Now, the battle is heating up as the European Union is expected to release new rules later this year for how services such as YouTube handle music, potentially upending some of the copyright protections that undergird the Internet... The E.U. has formally recognized that there is a "value gap" between song royalties and what user-upload services such as YouTube earn from selling ads while playing music... How such a law would address the gap is still being decided, but the E.U. has indicated it plans to focus on ensuring copyright holders are "properly remunerated." Even the value gap's existence is disputed.
A recent economic study commissioned by YouTube found no value gap -- in fact, the report said YouTube promotes the music industry, and if YouTube stopped playing music, 85 percent of users would flock to services that offered lower or no royalties. A different study by an independent consulting group pegged the YouTube value gap at more than $650 million in the United States alone. "YouTube is viewed as a giant obstacle in the path to success for the streaming marketplace," said Mitch Glazier, president of the Recording Industry Association of America... YouTube pays an estimated $1 per 1,000 plays on average, while Spotify and Apple music pay a rate closer to $7... The music industry claims YouTube has avoided paying a fair-market rate by hiding behind broad legal protections. In the United States, that's the "safe harbor" provision, which essentially says YouTube is not to blame if someone uploads a copy-protected song -- unless the copyright holder complains.
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By EditorDavid from Slashdot's public-policy department
Huge_UID shares an article from Vox:
The White House just responded to concerns it would release voters' sensitive personal information by releasing a bunch of voters' sensitive personal information. Last month, the White House's "election integrity" commission sent out requests to every state asking for all voters' names, party IDs, addresses, and even the last four digits of their Social Security numbers, among other information. The White House then said this information would be made available to the public. A lot of people did not like the idea, fearing that their personal information could be made public. So some sent emails to the White House, demanding that it rescind the request. This week, the White House decided to make those emails from concerned citizens public through the commission's new website... It didn't censor any of the personal information -- such as names, email addresses, actual addresses, and phone numbers -- included in those emails.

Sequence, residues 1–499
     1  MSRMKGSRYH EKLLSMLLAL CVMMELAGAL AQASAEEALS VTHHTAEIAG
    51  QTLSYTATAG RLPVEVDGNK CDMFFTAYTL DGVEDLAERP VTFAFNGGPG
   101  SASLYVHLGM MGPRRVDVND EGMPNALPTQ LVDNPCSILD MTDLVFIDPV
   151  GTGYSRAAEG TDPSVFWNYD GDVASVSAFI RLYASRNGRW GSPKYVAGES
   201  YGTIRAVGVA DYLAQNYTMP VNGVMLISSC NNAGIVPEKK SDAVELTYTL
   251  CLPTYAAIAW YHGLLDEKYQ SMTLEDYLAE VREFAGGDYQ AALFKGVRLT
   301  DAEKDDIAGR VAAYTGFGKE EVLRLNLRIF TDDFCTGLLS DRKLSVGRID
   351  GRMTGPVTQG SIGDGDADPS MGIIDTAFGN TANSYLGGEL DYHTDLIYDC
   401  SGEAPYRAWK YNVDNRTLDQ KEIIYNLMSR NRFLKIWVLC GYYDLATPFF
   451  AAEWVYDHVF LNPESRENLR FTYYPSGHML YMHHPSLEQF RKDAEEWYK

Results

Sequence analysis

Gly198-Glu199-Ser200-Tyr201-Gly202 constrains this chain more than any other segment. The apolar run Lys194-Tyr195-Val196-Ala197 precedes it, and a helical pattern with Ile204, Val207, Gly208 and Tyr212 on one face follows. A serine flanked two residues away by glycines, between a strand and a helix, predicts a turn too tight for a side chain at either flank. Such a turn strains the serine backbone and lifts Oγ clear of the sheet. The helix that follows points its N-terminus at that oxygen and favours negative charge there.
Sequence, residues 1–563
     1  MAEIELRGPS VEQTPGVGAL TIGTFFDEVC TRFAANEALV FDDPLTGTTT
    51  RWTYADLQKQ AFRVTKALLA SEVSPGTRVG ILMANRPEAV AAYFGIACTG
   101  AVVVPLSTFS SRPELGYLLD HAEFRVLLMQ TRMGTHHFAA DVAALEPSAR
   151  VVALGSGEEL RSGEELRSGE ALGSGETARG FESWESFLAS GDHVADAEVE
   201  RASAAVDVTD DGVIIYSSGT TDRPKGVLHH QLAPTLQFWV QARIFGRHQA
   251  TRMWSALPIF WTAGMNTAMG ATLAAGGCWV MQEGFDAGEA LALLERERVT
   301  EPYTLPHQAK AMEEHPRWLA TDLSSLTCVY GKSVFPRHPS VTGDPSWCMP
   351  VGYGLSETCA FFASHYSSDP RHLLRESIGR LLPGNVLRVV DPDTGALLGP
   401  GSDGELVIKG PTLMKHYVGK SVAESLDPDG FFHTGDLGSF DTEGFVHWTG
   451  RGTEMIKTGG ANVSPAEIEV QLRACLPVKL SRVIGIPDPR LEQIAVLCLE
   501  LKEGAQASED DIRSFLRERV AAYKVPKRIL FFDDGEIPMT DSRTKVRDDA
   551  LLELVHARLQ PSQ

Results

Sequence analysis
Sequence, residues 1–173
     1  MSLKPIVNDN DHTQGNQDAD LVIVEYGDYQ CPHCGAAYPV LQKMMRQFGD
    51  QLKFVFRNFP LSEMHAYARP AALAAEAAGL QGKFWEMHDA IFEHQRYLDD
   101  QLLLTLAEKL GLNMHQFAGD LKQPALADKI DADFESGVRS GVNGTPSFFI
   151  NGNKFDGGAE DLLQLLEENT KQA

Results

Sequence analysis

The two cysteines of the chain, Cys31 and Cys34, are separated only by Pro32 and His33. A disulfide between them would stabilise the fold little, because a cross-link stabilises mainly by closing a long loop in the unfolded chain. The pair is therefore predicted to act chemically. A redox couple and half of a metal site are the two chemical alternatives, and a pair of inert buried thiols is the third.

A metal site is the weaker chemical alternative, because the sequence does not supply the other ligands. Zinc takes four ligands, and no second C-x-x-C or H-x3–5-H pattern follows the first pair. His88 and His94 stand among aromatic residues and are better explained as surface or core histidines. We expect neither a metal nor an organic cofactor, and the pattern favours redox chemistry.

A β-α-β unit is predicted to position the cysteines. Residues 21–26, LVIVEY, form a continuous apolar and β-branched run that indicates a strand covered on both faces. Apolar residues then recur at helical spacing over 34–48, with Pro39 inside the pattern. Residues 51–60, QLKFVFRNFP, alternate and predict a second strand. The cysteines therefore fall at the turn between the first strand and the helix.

Some of the emails also included the commenter's place of employment -- though at least one commenter helpfully informed the White House that their voter info was available at Goatse. But the voting comission is now also facing new lawsuits from the ACLU, Public Citizen, and the Lawyers' Committee for Civil Rights Under Law, McClatchy reported on Monday, noting that "Trump's voting commission has told states to hold off on sharing the data until after a judge's ruling in a lawsuit."Read Replies (0)
By EditorDavid from Slashdot's up-next:-vim-versus-emacs department
Jason Baker, a Red Hat data analyst, doesn't believe developers who use spaces make more money than those who use tabs. An anonymous reader quotes Baker's blog post:
After reading the study one data scientist, Evelina Gabasova, performed some additional analysis and came to a slightly different conclusion, which feels a little more precise: "Environments where people use Git and contribute to open source are more associated both with higher salaries and spaces, rather than with tabs." In other words, if you're at a company where you're using version control and committing open source code upstream, you're statistically a little more likely to be a space-user and a higher wage-earner.
Even across all experience levels, contributing to open source still correlates to higher salaries, Gabasova concludes. "My theory is that when diverse people are working on open source projects together without enforced coding style, the possible formatting mess is nudging people towards using spaces simply because the code is consistent for everyone.
"This is just one of the possible theories, I didn't look to see if possibly language communities that use predominantly spaces (like Python or Ruby) are more active in open source."Read Replies (0)